As Japanese families gathered earlier this month for the traditional "Obon" festival honoring ancestors, some elderly parents broached an awkward but increasingly critical topic: planning for inheritance.
Japan's government will increase the inheritance tax rate in January, while tax relief measures on gifting will be expanded, in moves aimed at encouraging wealthy, older Japanese to either spend or pass on their savings before they die.
In years to come, the change would release billions of dollars languishing in savings accounts into the hands of a younger generation and promote investments in stocks and property, giving the economy an extra push as it emerges from nearly two decades of deflation.
"There's a major distortion in Japan with funds heavily concentrated among the elderly. Trying to change that is worthwhile," said Yasuo Yamamoto, senior economist at Mizuho Research Institute.
Nomura's Chief Executive Koji Nagai estimates around 50 trillion yen ($480 billion) is passed on through inheritance each year, with that amount set to grow in the years ahead given Japan's demographics.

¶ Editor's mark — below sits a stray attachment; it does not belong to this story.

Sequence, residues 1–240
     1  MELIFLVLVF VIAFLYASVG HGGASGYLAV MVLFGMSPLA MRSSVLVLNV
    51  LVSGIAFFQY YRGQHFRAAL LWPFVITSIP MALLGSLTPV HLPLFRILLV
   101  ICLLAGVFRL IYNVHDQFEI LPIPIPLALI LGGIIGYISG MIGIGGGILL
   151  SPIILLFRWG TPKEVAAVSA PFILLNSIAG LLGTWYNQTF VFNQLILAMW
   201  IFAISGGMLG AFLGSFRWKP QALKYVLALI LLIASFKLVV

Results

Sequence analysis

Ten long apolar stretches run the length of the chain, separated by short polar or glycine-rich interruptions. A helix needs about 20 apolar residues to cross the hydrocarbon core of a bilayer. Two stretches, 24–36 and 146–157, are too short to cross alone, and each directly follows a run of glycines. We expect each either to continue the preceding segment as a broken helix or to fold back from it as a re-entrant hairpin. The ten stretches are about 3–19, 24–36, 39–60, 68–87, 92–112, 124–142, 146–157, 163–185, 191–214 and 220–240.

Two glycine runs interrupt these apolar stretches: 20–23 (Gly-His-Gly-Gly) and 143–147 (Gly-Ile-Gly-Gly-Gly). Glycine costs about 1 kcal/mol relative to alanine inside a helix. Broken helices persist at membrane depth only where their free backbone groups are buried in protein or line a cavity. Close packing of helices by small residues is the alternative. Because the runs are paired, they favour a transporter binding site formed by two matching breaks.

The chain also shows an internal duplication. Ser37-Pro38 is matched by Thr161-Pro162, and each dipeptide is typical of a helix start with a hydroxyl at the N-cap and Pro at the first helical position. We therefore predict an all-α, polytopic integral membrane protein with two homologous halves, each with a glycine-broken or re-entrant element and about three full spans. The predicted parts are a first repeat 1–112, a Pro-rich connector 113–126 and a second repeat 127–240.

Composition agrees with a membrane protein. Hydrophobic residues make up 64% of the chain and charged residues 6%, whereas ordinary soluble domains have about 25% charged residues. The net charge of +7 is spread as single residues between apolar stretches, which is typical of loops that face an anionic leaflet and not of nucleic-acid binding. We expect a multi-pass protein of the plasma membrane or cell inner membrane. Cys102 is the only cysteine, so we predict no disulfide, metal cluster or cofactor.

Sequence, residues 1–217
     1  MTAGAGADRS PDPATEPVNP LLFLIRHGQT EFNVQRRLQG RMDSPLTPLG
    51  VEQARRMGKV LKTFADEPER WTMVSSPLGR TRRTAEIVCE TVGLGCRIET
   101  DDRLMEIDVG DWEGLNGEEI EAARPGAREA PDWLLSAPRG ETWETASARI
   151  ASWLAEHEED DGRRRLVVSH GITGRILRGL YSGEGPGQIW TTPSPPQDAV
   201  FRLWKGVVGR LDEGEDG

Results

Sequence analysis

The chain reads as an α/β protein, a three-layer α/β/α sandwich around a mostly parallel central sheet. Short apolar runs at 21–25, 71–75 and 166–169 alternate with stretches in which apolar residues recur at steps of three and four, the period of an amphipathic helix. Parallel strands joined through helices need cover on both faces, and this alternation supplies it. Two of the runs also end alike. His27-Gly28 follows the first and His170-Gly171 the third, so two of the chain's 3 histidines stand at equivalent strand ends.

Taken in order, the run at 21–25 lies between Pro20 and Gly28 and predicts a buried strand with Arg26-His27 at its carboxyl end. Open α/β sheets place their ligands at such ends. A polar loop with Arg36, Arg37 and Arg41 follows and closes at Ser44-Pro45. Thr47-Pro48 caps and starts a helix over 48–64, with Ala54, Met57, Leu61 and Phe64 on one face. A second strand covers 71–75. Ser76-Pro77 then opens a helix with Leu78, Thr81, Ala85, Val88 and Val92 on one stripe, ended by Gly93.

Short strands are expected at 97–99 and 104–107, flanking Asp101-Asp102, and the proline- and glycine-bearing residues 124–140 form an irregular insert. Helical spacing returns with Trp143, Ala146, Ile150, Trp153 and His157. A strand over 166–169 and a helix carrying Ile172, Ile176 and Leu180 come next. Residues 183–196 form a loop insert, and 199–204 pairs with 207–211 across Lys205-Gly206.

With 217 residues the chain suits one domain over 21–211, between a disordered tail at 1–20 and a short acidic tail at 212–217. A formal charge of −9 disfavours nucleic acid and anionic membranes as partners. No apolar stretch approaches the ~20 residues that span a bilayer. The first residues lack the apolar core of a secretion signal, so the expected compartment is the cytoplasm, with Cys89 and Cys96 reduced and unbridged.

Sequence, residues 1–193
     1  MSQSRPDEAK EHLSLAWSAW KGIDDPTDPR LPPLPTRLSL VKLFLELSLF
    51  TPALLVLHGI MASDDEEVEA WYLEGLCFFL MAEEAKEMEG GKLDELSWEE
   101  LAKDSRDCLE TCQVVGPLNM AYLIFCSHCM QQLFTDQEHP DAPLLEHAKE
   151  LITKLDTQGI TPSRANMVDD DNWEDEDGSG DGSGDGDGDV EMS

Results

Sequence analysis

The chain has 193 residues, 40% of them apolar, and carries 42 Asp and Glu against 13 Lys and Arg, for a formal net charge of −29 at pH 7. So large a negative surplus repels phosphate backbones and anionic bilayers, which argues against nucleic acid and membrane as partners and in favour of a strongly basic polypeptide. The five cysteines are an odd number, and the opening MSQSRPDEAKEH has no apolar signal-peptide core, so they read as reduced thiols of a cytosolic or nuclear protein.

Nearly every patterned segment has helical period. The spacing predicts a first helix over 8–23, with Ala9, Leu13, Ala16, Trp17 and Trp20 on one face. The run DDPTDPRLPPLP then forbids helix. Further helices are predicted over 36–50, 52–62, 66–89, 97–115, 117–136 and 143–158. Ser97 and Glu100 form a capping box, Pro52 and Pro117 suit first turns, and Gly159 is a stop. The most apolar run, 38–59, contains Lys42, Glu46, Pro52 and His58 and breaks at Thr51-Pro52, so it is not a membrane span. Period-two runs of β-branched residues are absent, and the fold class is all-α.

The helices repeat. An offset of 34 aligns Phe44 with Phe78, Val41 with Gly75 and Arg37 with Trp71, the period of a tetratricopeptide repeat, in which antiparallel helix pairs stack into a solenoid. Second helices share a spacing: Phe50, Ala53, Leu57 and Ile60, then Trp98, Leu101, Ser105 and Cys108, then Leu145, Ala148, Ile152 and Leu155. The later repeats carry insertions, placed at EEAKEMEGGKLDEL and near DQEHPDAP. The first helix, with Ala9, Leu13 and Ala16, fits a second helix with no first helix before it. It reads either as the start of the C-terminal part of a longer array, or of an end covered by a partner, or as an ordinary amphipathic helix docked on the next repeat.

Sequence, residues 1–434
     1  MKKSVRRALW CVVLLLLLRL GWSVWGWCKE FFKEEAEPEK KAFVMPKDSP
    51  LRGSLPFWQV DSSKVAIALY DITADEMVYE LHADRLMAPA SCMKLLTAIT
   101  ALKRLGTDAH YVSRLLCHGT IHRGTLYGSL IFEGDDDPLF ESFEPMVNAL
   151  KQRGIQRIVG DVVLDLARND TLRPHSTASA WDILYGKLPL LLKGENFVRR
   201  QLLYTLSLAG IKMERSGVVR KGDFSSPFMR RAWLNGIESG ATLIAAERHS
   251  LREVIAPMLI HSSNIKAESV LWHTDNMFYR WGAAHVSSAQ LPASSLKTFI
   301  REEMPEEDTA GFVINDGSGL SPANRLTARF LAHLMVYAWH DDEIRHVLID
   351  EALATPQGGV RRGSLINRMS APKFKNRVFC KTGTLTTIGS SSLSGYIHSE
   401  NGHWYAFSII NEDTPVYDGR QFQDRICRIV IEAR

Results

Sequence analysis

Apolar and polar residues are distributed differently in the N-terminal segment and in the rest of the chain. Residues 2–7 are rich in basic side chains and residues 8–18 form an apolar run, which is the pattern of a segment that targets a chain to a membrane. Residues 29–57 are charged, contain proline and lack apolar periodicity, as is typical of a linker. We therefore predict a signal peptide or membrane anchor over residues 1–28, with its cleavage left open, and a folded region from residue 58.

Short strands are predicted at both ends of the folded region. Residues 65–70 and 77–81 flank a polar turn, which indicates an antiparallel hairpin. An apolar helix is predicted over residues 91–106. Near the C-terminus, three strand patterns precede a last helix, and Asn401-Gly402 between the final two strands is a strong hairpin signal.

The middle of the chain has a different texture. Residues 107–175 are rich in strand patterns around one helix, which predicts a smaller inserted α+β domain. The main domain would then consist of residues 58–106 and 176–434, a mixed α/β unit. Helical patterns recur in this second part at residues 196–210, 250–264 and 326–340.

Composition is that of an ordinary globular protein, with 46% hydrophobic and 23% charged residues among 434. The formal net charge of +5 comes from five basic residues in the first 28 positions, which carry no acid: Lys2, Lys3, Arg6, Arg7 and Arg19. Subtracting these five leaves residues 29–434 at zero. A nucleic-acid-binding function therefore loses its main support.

That will inevitably mean greater demand for services such as real estate planning and wealth management consulting.
The long-term stakes, however, are even higher for brokerages. Japan's population is aging, and much of the 1,630 trillion yen in financial assets held by households belong to people over 60 years old.
Nagai told an investor meeting this month that Nomura could gradually lose much of its 95 trillion yen in retail client assets unless it won over the loyalty from younger family members who stand to inherit clients' legacies.
Daiwa executive Mitsuru Fujita, head of wealth management at Japan's second-biggest brokerage, said talk of inheritance planning used to be a dreaded precursor to losing a client's business. These days, his colleagues are more likely to be asking for the contact details of the customer's children.
"Until now, inheritance meant an end. But if you're acquainted with a family and understand its needs, you're not necessarily letting go when a client passes on," he told Reuters.
Nomura and Daiwa lead Japan's retail brokerage market, from which most foreign players have largely exited in recent decades as Japan struggled with repeated recessions.